In the sector ranking, the industrial sector leads with 38 registered deals. Compared to 2019, the number of announced deals fell by seven, which corresponds to a relative decline of 16%. This rather solid result is based primarily on the areas of construction, mechanical and plant engineering, and transport and infrastructure. Examples include the takeover of DYWIDAG by Bodner Bau, the acquisition of a turnout plant in France by Voestalpine, and the takeover of the air and sea business of Ipsen Logistics by Gebrüder Weiss. In second place in the industry ranking is high technology. Here, too, activity was relatively stable compared to the overall market, accounting for 27 deals (-10%). Relevant transactions include acquisitions of software manufacturers and IT service providers, e.g., SAP’s recently announced purchase of the customer relationship IT company Emarsys and TTTech’s acquisition of the Turkish software company Red Pine. Financials was the only one of the top three sectors to record a slight increase in activity. The number of relevant transactions grew from 16 to 17 deals (+6%). Among the financial deals—mainly concentrated in banking and insurance—was one of the largest transactions of the past year (EUR 1 billion): the takeover of AXA’s subsidiaries in Poland, the Czech Republic, and Slovakia by Uniqa.
The development in the other industries was predominantly negative, although the extent of the decline varied widely. By far the largest decline in both absolute and relative terms was registered in media and entertainment. Compared to the previous year, the number of deals collapsed from 20 to just 3, representing a minus of 85%. This drop results mainly from a lack of deals in the hotel industry and in the gambling and media sector. A substantial relative decline was also recorded in consumer staples, which fell by 55% (from 11 to 5 deals). The real estate sector, too, experienced a sharp drop, with M&A activity halving (from 18 to 9 deals). Retail (from 16 to 11 deals), consumer products and services (from 21 to 16 deals), and materials (from 18 to 14 deals) declined more or less in line with the market trend. Energy and power as well as telecommunications, on the other hand, remained stable at 12 and 3 deals, respectively, while health care even experienced a slight increase in deal numbers (from 7 to 8 deals).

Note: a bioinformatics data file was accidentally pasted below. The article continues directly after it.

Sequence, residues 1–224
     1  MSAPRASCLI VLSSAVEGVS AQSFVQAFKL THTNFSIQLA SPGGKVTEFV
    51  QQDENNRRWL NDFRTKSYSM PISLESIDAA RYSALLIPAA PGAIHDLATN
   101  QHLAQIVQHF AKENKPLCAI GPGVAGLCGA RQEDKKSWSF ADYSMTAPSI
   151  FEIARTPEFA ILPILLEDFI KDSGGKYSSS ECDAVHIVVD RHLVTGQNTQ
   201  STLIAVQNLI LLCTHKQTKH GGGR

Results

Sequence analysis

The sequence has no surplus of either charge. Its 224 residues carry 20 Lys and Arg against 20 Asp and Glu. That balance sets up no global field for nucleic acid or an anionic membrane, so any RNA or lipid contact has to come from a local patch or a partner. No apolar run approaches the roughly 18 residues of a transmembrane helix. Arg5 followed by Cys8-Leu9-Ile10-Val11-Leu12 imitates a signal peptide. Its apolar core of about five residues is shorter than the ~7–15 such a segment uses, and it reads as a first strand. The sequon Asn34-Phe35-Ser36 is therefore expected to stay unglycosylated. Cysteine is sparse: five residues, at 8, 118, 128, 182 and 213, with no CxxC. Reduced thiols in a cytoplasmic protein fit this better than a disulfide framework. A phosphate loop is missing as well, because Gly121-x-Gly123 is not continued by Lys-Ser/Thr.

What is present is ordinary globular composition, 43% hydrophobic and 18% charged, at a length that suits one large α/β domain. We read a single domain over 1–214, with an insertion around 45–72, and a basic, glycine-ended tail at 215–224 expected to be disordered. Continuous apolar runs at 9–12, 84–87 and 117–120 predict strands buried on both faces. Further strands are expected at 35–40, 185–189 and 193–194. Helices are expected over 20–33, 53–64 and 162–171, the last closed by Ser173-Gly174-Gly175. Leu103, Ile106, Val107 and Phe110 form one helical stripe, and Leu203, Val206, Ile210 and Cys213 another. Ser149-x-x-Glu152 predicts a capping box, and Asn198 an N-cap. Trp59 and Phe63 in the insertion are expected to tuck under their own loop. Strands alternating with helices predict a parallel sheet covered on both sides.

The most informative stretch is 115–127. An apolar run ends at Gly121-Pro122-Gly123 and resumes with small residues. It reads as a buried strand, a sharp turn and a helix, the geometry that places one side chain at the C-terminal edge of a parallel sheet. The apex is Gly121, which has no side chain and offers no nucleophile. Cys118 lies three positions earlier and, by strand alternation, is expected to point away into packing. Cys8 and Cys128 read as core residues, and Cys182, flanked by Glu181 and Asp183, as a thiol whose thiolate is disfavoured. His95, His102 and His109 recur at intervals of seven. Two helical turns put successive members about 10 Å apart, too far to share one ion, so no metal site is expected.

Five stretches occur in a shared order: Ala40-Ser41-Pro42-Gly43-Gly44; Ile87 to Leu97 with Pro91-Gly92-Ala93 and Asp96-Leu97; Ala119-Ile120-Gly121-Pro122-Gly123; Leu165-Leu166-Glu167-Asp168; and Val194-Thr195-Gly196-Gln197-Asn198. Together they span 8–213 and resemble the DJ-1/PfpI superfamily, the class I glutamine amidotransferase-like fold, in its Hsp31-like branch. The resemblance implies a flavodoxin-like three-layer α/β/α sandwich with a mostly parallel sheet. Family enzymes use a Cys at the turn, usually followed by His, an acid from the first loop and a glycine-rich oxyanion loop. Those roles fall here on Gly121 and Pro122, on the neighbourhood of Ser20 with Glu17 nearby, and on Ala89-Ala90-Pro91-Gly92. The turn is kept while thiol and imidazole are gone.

2.3 M&A activity by the origin of players
The cross-border statistics (see Figure 2) show considerable differences in the development of domestic and cross-border deals. Domestic deals, contrary to the general market trend, even saw a minor increase (+3%). This means that almost one in four transactions involved an Austrian player on both the buyer and the target side. The number of cross-border deals, in contrast, fell by a third. Austrian companies in particular were less active in acquiring foreign targets. In concrete terms, the number of foreign acquisitions by Austrian companies fell from 107 to 64 deals, a slump of 40%. Looking at the target countries, Austrian players mainly headed to Germany (16 deals), Switzerland (6 deals), and the United States (6 deals). The number of foreign acquisitions in Austria fell from 72 to 58 deals, representing a decline of 19%. German companies were by far the most frequent buyers in Austria (24 deals); transactions initiated by French (5 deals), Swiss (4 deals), and US (4 deals) buyers followed at a large distance.
Source: Refinitiv; BCG analysis
2.4 Global perspective